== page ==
The HMRC guidance says the you can’t claim a tax deduction for the fee or subscription you “do not need to do your job”. This is a clumsy double negative, which implies the taxpayer can only claim a deduction for the membership fee or subscription if they need to pay it in order to do their job.

However, the law only requires that the “duties of the employment involve the practice of the profession to which the fee relates”. In other words, the membership of the society does not have to be a necessary condition for the job, but it must be related to the job.

Membership example

Tax advisers may be members of the CIOT, and if they are the CIOT annual membership fee is a tax-deductible expense, under s343(1). But a tax adviser may practise their profession without being a member of the CIOT; it is not a necessary requirement of their job.

Any other errors?

Is it me or are these mis-statements becoming more common? If you spot any confusing or misleading HMRC guidance please let us know by commenting below. You can also report it through the “There is something wrong with this page” button as the foot of every gov.uk page. 

Any Answers Live

Replies (30)

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By Seadog
01st Dec 2020 21:50

Yes Rebecca. Spot on on the CGT mis-statement by Karl Kahn. The web page contains a box at the footer asking if there is anything wrong with the page. You can use this to report inaccurate information and I did so on the date of publication. Now all we need to do is mount a campaign against the not fit for purpose 30 day reporting "facility".

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Replying to Seadog:
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By bosclibby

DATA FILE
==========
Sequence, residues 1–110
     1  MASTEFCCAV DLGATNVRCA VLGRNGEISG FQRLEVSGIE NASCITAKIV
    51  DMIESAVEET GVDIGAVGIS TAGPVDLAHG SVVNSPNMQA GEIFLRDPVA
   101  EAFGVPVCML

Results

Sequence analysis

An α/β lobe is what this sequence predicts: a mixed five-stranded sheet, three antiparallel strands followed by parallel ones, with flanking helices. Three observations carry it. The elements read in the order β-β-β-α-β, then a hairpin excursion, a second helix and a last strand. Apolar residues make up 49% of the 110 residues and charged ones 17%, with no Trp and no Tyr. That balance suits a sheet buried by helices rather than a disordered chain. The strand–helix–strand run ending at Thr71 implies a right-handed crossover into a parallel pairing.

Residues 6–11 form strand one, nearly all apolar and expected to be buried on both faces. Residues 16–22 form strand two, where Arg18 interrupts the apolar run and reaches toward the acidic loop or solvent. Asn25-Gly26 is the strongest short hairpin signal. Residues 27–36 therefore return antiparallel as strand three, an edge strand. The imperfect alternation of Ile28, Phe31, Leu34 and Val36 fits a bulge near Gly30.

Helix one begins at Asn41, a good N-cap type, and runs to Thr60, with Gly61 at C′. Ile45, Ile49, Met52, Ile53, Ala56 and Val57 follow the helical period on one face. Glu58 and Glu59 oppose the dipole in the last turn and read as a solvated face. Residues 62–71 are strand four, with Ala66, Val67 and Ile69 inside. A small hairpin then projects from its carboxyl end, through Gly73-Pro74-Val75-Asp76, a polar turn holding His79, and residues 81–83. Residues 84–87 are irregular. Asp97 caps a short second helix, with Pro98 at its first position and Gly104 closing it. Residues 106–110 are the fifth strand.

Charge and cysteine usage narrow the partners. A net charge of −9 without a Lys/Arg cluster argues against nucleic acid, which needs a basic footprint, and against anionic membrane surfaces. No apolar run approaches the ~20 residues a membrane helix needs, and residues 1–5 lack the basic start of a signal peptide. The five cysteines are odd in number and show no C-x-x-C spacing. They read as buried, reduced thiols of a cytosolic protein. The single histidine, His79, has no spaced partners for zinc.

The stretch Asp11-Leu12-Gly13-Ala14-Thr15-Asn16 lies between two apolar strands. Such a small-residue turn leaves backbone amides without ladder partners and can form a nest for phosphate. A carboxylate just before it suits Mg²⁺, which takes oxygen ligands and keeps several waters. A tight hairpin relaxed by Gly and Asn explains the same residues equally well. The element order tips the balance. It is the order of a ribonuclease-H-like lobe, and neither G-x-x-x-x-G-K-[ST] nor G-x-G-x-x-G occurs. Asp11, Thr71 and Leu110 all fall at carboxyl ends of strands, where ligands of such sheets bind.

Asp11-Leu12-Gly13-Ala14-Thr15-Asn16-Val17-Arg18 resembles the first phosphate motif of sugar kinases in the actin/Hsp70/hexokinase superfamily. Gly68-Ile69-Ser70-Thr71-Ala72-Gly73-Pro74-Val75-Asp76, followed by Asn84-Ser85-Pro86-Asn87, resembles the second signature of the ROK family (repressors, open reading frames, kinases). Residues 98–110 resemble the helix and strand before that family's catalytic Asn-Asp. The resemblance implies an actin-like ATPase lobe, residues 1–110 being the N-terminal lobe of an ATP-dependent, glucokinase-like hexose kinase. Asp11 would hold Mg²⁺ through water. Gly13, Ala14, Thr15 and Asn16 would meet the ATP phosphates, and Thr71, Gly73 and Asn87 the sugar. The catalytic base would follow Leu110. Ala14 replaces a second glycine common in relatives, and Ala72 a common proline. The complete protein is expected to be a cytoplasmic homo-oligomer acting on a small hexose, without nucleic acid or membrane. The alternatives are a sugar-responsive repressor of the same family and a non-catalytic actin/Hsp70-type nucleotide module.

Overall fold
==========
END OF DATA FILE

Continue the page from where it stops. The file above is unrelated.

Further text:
02nd Dec 2020 09:35

It certainly is not fit for purpose - from what I've seen it should be scrapped and start again or preferably forget the whole thing.

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Replying to bosclibby:
Morph
By kevinringer
02nd Dec 2020 17:04

The 30-day reporting is optional. I kid you not. I came across a page on GOV.UK that said:

'You can either:
x report and pay on your Self Assessment return for the 2020 to 2021 tax year
x report and pay now using our online form'

So I took a screen shot and have opted for the first and if HMRC tell me off I'll send them my GOV.UK screen shot.

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Replying to bosclibby:
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By AndrewV12
03rd Dec 2020 09:11

You cannot beat a reply, advising something should be scrapped.

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By Seadog
01st Dec 2020 21:50

Yes Rebecca. Spot on on the CGT mis-statement by Karl Kahn. The web page contains a box at the footer asking if there is anything wrong with the page. You can use this to report inaccurate information and I did so on the date of publication. Now all we need to do is mount a campaign against the not fit for purpose 30 day reporting "facility".

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By mhkay
02nd Dec 2020 09:35

The one that gets me is when you do the "calculate how much tax I owe" when submitting a personal tax return, and it fails to deduct the amount you've already paid on account. I've gradually got used to that one, but it scared me stiff the first few times it happened.

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Replying to mhkay:
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By Mikesch
02nd Dec 2020 09:55

Totally agree. It is rediculous that the tax calculation does not contain the amount already paid. I presume that different systems do not talk to each other and another interface between payments on account made and tax calculations is not high on HMRCs agenda.